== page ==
Jason Ben Nathan / Sun Senior Photographer
Junior Ellie Crowell, pictured above, scored the game-­winning goal against Yale on Saturday.

Jason Ben Nathan / Sun Senior Photographer Junior Ellie Crowell, pictured above, scored the game-­winning goal against Yale on Saturday.

October 19, 2015

WOMEN’S SOCCER | Red Secures Third Place in Ivy Standings

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By KEITH BOLLT

“They came together on the road [and] on the turf,” said women’s soccer head coach Patrick Farmer. He paused for a second to think; something that had not clicked on the long bus ride back from New Haven had just occurred to him. Saturday’s game was the Red’s first road conference victory in his tenure at Cornell.

Cornell women’s soccer (9-1-4, 2-1-1 Ivy) was victorious at 1-0 over the Yale Bulldogs (4-6-2, 1-3-0 Ivy) Saturday afternoon in New Haven. With the win, Cornell now boasts No. 3 in the Ivy League conference standings with just three games to go.

“We had much better patience,” Farmer said in praise of his team’s offense. “The best possession game all year.”

The game-winning goal, scored by junior midfielder Elizabeth Crowell, broke up a three game scoreless streak for the Red. Senior co-captain and defender/midfielder Shanay Fischer agreed with Farmer that Cornell’s offense was much improved on Saturday. She said the team has been focused on being more aggressive offensively.

Jason Ben Nathan / Sun Senior Photographer Junior Ellie Crowell, pictured above, scored the game-­winning goal against Yale on Saturday.

Jason Ben Nathan / Sun Senior Photographer
Junior Ellie Crowell, pictured above, scored the game-­winning goal against Yale on Saturday.

“Our attitude offensively has been improving”, she said.

The late Yogi Berra and Earl Weaver liked to boast, “We have deep depth.” Indeed, eight different Red players have scored at least one goal so far this season. At the same time, the game winner on Saturday was tallied by the Red’s leader in goals and points, Crowell. Farmer said he believes striking a balance between depth and a few go-to scorers is important.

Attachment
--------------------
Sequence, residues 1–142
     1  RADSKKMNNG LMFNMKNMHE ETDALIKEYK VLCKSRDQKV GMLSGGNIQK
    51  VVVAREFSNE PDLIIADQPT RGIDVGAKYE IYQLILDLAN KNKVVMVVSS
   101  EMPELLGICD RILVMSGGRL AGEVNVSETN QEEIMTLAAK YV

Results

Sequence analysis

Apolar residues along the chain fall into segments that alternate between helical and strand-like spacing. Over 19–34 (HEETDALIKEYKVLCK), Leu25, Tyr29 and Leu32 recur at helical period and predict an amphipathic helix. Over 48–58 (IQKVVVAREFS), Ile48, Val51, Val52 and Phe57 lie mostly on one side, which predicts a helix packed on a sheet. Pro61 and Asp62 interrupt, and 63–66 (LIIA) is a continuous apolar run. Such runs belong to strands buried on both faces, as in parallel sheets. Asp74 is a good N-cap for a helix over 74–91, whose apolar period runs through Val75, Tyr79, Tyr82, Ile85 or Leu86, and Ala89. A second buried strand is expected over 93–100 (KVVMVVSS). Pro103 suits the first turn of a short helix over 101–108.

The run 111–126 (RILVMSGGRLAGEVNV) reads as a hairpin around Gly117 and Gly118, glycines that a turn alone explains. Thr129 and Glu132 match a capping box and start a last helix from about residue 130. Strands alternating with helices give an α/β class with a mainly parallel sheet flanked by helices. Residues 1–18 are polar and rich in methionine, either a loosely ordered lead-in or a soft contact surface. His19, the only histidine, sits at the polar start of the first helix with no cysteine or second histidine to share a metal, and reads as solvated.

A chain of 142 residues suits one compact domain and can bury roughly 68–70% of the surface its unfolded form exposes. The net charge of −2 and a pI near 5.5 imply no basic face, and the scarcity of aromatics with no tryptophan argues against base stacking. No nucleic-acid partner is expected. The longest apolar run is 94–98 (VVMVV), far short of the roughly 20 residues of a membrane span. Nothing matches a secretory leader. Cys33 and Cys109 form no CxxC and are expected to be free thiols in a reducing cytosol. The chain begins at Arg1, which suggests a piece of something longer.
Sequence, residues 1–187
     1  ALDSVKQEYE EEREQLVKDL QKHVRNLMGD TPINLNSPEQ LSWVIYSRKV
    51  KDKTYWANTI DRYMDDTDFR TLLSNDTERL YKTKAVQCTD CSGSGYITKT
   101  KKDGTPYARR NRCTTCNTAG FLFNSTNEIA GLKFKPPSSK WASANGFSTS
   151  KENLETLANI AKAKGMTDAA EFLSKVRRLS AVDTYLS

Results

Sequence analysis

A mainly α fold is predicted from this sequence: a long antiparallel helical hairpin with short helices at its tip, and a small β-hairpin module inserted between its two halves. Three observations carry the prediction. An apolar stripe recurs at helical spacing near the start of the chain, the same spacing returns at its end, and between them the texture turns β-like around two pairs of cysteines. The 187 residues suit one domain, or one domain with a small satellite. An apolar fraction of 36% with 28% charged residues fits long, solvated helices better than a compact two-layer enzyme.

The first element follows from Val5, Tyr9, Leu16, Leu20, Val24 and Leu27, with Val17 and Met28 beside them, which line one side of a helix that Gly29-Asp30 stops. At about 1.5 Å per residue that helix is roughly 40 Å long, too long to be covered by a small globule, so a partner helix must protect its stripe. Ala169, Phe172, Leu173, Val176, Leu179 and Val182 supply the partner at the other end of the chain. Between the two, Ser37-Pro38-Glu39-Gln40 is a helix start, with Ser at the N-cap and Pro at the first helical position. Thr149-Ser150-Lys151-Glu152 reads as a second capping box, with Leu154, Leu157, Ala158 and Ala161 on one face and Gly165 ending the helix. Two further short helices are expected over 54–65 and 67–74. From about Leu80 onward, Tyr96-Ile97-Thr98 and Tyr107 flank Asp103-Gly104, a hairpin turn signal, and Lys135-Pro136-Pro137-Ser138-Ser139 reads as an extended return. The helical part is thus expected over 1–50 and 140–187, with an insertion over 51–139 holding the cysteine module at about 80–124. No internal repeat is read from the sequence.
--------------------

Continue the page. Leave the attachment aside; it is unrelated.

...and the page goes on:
“I think you have to have both,” he said. “You have to have one or two primary scorers. … We got contributions from 19 players [on Saturday].”

On the defensive side of things, Cornell completed its 12th shutout in 14 games. Senior co-captain and defender Charlotte Tate said the Red’s defense is playing well together.

“We did let up some corners,” she said. “[But] we’ve been getting better [at playing as a] unit.”

Farmer said he was impressed with the way the Red handled defending one of Yale’s top scoring players.

“They have a very good freshman [and we] communicated well defensively,” he said. “[We] weren’t intimidated and [the team] did a very good job with her.”

Tate explained that Yale changed its positional arrangement late in the game in an attempt to even the score. As a result, the Red’s defense had to fend off extra Bulldog attackers in the match’s closing minutes.

Farmer, Tate and Fischer all agreed that the 1-0 score was indicative of how both teams played. Farmer explained that both teams had their strong moments, with Yale earning chances to score that it was just not able to capitalize on.
While Cornell is now in third place in its conference, the team has not typically been competitive against its Ivy opponents in previous years.

“You want to be able to play for something to the last day of the season,” Farmer said. “It changes your vision of what you’re trying to do. … We hope Princeton beats Harvard and that we’re able to beat Princeton.”

Tate explained how it has been a long process from her freshman year to get Cornell women’s soccer to where it is now.

“It’s great to see the program move in this direction,” she said.

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